This blog is written by multiple authors of different perspectives, and published on DividedWeFall.org (Mixed media bias rating).
Political Polarization is Growing and Moderate Ideologies are Disappearing
By Glenn Geher – Professor of Psychology, State University of New York at New Paltz
Wherever you are on the political spectrum, you’ve got to admit that political polarization in the U.S. is so palpable that it could be cut with a plastic spoon. Consider all the rhetoric and activity regarding the 2016 election. And the 2020 election. And the 2021 Capitol riots. And Black Lives Matter and the Blue Lives Matter movements. And on and on.
Is Political Polarization in the US Real?
While many of us seem to perceive a large increase in political polarization over time, some argue that this polarization is actually illusory and is more reflective of redistricting processes. A different study on polarization in the U.S. by More in Common found that while there are all kinds of attitudinal fissures in the U.S. these days, there is actually more common ground than often seems to be the case. When you look at things deeply and thoroughly, there may be more commonalities among various sub-groups of Americans compared with differences.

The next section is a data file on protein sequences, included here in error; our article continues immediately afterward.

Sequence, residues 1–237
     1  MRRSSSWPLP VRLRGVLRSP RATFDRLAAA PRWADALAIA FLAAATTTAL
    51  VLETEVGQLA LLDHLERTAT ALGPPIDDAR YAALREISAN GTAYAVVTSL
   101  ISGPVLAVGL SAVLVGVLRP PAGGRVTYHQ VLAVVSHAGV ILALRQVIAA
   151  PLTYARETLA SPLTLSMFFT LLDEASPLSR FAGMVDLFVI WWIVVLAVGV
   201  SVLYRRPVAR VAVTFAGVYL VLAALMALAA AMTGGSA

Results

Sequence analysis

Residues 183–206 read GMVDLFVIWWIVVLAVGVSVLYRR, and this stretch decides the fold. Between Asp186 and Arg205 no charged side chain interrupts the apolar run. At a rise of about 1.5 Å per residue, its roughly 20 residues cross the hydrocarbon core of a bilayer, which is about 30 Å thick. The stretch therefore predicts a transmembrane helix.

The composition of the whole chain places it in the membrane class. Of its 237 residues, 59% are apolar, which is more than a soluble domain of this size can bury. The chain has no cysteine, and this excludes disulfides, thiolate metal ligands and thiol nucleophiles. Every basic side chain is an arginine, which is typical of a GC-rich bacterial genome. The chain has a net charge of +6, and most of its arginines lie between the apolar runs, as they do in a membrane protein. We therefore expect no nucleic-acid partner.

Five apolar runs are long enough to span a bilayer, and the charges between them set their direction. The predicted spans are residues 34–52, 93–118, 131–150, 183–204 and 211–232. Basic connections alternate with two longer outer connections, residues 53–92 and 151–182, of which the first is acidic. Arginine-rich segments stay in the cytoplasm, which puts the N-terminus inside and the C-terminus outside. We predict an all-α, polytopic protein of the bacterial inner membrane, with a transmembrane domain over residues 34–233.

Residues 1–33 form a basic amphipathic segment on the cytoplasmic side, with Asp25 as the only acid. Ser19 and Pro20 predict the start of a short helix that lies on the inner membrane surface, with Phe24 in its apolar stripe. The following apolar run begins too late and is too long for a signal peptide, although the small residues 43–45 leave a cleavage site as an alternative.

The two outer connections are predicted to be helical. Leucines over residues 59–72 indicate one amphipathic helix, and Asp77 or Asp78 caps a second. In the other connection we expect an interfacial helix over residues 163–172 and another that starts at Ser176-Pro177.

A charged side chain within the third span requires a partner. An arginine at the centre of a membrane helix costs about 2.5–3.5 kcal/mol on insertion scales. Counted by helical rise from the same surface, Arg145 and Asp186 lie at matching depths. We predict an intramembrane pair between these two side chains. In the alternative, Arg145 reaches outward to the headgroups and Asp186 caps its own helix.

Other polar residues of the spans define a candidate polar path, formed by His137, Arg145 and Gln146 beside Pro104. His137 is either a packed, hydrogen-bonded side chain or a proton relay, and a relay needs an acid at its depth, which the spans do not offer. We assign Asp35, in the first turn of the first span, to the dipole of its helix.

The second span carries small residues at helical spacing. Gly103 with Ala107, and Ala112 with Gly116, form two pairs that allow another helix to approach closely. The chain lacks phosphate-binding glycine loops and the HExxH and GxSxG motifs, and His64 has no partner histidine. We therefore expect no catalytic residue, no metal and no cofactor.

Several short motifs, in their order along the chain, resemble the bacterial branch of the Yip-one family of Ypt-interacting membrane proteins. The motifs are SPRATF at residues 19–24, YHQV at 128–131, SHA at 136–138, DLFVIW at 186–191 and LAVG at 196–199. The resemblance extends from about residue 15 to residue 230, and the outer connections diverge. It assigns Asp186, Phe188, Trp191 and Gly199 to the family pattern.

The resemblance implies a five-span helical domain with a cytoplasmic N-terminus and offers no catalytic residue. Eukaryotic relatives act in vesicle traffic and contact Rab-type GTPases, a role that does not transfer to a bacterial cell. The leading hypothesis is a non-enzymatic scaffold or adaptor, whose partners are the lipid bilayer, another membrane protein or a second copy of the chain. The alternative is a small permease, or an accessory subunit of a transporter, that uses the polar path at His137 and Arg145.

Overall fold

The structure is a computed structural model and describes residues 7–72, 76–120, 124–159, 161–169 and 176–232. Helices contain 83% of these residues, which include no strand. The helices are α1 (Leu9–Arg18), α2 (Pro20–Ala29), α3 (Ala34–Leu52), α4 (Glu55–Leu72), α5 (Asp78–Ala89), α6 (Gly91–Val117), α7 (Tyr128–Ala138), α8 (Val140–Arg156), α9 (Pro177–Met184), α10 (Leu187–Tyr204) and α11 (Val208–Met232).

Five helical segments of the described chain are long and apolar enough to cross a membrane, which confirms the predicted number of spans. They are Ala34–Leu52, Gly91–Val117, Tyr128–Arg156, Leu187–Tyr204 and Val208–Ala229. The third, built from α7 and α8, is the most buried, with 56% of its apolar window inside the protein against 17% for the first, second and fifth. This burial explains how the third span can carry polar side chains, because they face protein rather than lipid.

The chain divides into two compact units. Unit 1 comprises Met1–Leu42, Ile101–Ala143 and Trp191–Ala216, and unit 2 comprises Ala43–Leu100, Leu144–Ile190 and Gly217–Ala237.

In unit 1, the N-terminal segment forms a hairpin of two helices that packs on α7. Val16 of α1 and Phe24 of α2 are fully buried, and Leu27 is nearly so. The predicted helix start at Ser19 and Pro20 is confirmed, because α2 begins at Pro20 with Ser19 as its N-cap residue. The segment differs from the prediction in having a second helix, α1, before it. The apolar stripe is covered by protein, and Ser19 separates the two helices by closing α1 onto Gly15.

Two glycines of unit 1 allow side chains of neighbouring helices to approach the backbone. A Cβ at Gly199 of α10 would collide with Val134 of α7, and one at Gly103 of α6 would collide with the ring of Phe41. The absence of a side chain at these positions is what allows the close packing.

Based on my examination of extensive data on this issue, it seems clear that the extreme political polarization that so many of us perceive is, in fact, quite real in many respects. And it’s really growing at a dangerous pace with time. Consider a high-profile report by the Pew Research Center, based on data from approximately 10,000 adults, which found that political polarization is increasing. Compared to past years, people are more likely to identify as “very” liberal or conservative rather than “moderately” liberal or conservative. Across time, people are more likely to describe members of the “opposing side” as “a threat to the nation’s well-being.” Further, people tend to increasingly believe that others in their world share their political views. This report clearly tells a story of increasing political polarization.
Get AllSides in your Inbox
Measuring Political Polarization Through Elections